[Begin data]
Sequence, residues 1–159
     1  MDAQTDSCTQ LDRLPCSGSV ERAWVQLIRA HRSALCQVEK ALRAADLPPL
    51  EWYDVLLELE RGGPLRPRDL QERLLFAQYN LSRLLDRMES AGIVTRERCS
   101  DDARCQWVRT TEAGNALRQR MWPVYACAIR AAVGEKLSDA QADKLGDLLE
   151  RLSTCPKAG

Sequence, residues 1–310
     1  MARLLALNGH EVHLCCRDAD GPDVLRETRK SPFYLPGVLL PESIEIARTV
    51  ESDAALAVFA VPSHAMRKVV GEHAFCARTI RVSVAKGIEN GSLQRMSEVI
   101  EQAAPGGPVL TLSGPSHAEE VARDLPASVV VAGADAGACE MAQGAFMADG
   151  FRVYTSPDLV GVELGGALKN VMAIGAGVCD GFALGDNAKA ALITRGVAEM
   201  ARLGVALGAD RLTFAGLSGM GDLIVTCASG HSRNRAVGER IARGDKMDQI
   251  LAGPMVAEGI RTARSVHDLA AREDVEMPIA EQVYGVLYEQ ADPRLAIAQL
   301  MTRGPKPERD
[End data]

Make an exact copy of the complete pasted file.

Sequence, residues 1–159
     1  MDAQTDSCTQ LDRLPCSGSV ERAWVQLIRA HRSALCQVEK ALRAADLPPL
    51  EWYDVLLELE RGGPLRPRDL QERLLFAQYN LSRLLDRMES AGIVTRERCS
   101  DDARCQWVRT TEAGNALRQR MWPVYACAIR AAVGEKLSDA QADKLGDLLE
   151  RLSTCPKAG

Sequence, residues 1–310
     1  MARLLALNGH EVHLCCRDAD GPDVLRETRK SPFYLPGVLL PESIEIARTV
    51  ESDAALAVFA VPSHAMRKVV GEHAFCARTI RVSVAKGIEN GSLQRMSEVI
   101  EQAAPGGPVL TLSGPSHAEE VARDLPASVV VAGADAGACE MAQGAFMADG
   151  FRVYTSPDLV GVELGGALKN VMAIGAGVCD GFALGDNAKA ALITRGVAEM
   201  ARLGVALGAD RLTFAGLSGM GDLIVTCASG HSRNRAVGER IARGDKMDQI
   251  LAGPMVAEGI RTARSVHDLA AREDVEMPIA EQVYGVLYEQ ADPRLAIAQL
   301  MTRGPKPERD